Aha, said the shuttle driver, Croatia, Yugoslavia, Bosnia, Serbia, Tito
On a recent trip to Paris, I met a young woman from Japan. But this is not a story about a sudden love affair, which one might expect in Paris. I met her on the last day of my short stay there. It was her last day too, and we both took the early shuttle to Charles de Gaulle Airport. She sat down next to me, introduced herself and said that she worked for the advertising department of a television station in Tokyo. I said that I was a writer and that I liked some of Haruki Murakami’s books. She knew the name but had not read any of his work. She knew, however, that a movie based on one of his books was being shot somewhere in Japan. The name of the movie, she said, had something to do with Norway.
Norwegian Wood, I said.
She looked at me and asked, How did you know? Are you from Norway?
No, I said, but I know the song. It is by the Beatles.
I know the Beatles, said the young woman, but they are from England. And where are you from?
I hesitated for a moment before I said, Calgary, Canada. I decided not to mention the war in the former Yugoslavia, my homeland—it would only puzzle her. (It still puzzles me, although I lived there for many years.)
Canada is a nice country, she said.
Maybe you can tell me, I said, why so many Japanese people go to Banff, in the Canadian Rockies.
Canadian Rockies are beautiful, she said. We learn about them in our school.
It’s great, I went on, that so many people from Japan visit Banff, but it’s a pity most of them never go to Calgary.
What is in Calgary? she wanted to know. What do you have?
We have Stampede, I replied, and when she gave me a blank look, I asked her whether she knew anything about cowboys. She said that she loved cowboys. She especially liked John Wayne and Clint Eastwood. They are from America, she added, and then she asked, Do they have Stampede in America?
Now, how do you explain what Stampede is? Stampede, I finally said, is a word that describes a sudden run of a large number of horses or any other animals. She nodded, so I went on and told her that there are many things to see and do during the ten days of the Calgary Stampede.
She looked at me with her eyes wide open and said, And all this time the animals are running?
At first I did not know what she meant, because I could not follow her perfect reasoning. What do you mean? I asked.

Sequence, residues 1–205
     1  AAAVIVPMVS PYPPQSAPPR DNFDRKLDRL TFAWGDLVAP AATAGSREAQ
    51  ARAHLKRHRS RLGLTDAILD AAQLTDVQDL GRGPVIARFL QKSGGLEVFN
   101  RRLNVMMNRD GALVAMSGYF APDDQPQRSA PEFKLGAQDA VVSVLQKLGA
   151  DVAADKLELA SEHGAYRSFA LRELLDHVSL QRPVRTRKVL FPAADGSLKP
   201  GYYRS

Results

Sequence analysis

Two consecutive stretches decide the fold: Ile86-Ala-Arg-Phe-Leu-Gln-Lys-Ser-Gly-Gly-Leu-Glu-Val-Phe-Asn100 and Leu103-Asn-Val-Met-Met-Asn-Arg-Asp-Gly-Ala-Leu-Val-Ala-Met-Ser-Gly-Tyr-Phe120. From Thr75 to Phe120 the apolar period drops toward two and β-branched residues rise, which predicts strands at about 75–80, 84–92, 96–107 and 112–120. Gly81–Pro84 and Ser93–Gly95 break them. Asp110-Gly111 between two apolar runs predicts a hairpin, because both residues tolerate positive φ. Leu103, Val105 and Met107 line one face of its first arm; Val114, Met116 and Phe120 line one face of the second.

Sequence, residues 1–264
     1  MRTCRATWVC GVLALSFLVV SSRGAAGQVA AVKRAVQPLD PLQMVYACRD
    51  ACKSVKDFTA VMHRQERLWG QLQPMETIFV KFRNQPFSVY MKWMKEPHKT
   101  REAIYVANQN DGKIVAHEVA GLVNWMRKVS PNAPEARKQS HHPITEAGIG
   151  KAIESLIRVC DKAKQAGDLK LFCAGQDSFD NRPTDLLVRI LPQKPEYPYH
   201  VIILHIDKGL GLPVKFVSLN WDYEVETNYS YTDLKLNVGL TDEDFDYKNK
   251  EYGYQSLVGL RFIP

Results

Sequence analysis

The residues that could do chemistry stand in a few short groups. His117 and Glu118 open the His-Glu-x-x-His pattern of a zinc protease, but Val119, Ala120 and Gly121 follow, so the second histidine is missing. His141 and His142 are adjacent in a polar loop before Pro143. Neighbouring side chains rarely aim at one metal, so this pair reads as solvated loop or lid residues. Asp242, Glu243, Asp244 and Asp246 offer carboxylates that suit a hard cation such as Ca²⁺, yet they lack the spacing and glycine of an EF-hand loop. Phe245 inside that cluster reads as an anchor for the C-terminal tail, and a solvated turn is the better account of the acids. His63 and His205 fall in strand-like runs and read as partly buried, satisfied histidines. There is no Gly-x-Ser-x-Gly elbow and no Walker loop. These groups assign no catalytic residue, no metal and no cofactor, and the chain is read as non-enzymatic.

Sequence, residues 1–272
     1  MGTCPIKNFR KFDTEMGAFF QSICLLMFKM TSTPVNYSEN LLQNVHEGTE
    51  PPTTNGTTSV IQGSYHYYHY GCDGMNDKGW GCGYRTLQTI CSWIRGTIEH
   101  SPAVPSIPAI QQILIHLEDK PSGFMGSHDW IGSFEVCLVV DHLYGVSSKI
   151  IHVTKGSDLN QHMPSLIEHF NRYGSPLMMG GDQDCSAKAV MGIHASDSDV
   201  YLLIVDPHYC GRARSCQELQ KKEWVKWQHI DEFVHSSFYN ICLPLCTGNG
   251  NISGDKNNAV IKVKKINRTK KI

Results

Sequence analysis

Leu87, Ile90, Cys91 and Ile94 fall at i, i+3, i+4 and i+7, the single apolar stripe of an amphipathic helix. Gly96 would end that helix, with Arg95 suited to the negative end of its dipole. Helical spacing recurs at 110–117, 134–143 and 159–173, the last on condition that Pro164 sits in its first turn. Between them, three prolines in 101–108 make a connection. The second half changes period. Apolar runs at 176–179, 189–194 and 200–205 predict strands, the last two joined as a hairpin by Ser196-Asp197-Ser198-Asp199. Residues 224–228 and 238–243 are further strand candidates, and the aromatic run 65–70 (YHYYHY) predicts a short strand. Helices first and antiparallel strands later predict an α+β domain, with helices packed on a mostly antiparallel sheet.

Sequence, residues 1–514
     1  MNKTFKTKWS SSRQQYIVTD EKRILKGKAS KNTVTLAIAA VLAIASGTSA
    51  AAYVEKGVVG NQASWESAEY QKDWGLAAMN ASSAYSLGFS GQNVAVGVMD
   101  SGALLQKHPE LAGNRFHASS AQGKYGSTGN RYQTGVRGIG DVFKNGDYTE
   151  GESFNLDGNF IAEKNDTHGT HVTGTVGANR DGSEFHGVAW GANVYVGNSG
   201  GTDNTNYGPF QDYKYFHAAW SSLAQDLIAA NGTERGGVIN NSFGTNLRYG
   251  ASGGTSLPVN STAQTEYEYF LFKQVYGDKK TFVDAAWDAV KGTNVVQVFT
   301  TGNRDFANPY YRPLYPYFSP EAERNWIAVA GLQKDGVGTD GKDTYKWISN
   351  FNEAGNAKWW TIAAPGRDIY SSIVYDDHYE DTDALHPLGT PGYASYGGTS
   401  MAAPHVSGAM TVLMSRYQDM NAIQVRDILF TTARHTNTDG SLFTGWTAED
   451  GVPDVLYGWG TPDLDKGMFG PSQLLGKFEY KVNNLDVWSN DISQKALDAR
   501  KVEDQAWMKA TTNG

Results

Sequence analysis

Stampede is running, she answered. Stampede is running all the time, no? There was a sly smile on her face as if she had just attained a satori and understood the meaning of it all. She turned around. In Calgary, she said to the passengers sitting behind us, Stampede is running all the time. She pointed at me and said, He is from Calgary.
Good for him, said a man who was from Salt Lake City. The couple sitting next to him said that they were from Hungary. Then the shuttle stopped in front of a small hotel to pick up two women with enormous bags. The driver, who was from India, helped them put their bags into the shuttle and asked them what terminal they were going to. They did not know, so he asked them what city and country they were flying to. Zagreb, said the younger one. Croatia, said the older one. But the driver still did not know which terminal. The younger woman said to the older woman, in Croatian, The whole world knows about Zagreb except for this lunatic. The older woman told her to shut up and explained to the driver, in English: Zagreb, in Croatia. Croatia, you know—in Yugoslavia.
Aha, said the driver. Croatia, Yugoslavia, Bosnia, Serbia, Tito. It is Terminal 2.
What an absurd paradox, I thought. You fight in a bloody civil war because there are people who do not like what Yugoslavia stands for and want to get rid of that name forever, and yet you are recognized only when you mention the name that should have been forgotten. History really likes to play games sometimes.
Then we were finally on our way to Charles de Gaulle Airport. It was early in the day and the streets were empty, so Paris looked a bit ghostly but still beautiful. The early morning light somehow made everything sharp like a precise architectural drawing. Travelling through that unpopulated, almost two-dimensional world made me think of writing a story about our group. In this harsh city landscape, it should be a science fiction story in which we are the last survivors of a terrible epidemic in Paris. We are on our way to board the last plane, left unattended on a runway, and we are lucky because one of us knows how to fly a plane—the man sitting behind me, who says, in my unwritten story, I am from Salt Lake City and if you want to live there, you’ve got to know something about planes.
I didn’t know whether that was true—I’ve never been to Salt Lake City—but I hoped that we would not end up like the survivors depicted on The Raft of the Medusa. I did not want to write a story with cannibals in it. Our plane, I thought, would take us safely all the way to Calgary, where the Stampede would be in full swing. We would be given white cowboy hats, and the young Japanese woman would be so happy to wear her hat and to dance with some real cowboys. Perhaps it should be a love story after all?